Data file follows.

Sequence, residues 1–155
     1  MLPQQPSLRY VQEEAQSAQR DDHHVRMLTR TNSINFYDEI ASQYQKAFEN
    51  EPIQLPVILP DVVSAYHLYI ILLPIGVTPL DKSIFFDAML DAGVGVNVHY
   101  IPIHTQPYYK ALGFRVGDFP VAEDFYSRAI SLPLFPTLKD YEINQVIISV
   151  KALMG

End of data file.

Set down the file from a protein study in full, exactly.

Sequence, residues 1–155
     1  MLPQQPSLRY VQEEAQSAQR DDHHVRMLTR TNSINFYDEI ASQYQKAFEN
    51  EPIQLPVILP DVVSAYHLYI ILLPIGVTPL DKSIFFDAML DAGVGVNVHY
   101  IPIHTQPYYK ALGFRVGDFP VAEDFYSRAI SLPLFPTLKD YEINQVIISV
   151  KALMG